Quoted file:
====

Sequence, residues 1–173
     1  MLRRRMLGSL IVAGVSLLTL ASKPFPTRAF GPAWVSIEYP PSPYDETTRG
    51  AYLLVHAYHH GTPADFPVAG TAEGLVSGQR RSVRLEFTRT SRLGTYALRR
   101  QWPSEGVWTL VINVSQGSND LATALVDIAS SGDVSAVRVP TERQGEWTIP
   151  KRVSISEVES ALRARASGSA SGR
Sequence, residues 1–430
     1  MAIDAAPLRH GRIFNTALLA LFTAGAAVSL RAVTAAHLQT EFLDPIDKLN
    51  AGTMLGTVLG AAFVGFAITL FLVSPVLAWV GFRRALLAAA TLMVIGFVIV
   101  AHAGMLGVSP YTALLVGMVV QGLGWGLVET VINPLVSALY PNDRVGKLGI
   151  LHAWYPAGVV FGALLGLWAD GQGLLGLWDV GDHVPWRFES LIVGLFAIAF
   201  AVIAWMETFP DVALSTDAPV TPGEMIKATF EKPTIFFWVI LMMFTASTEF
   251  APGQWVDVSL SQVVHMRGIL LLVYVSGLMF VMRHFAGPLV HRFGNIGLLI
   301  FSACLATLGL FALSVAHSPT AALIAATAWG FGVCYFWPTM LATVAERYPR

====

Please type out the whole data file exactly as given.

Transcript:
Sequence, residues 1–173
     1  MLRRRMLGSL IVAGVSLLTL ASKPFPTRAF GPAWVSIEYP PSPYDETTRG
    51  AYLLVHAYHH GTPADFPVAG TAEGLVSGQR RSVRLEFTRT SRLGTYALRR
   101  QWPSEGVWTL VINVSQGSND LATALVDIAS SGDVSAVRVP TERQGEWTIP
   151  KRVSISEVES ALRARASGSA SGR
Sequence, residues 1–430
     1  MAIDAAPLRH GRIFNTALLA LFTAGAAVSL RAVTAAHLQT EFLDPIDKLN
    51  AGTMLGTVLG AAFVGFAITL FLVSPVLAWV GFRRALLAAA TLMVIGFVIV
   101  AHAGMLGVSP YTALLVGMVV QGLGWGLVET VINPLVSALY PNDRVGKLGI
   151  LHAWYPAGVV FGALLGLWAD GQGLLGLWDV GDHVPWRFES LIVGLFAIAF
   201  AVIAWMETFP DVALSTDAPV TPGEMIKATF EKPTIFFWVI LMMFTASTEF
   251  APGQWVDVSL SQVVHMRGIL LLVYVSGLMF VMRHFAGPLV HRFGNIGLLI
   301  FSACLATLGL FALSVAHSPT AALIAATAWG FGVCYFWPTM LATVAERYPR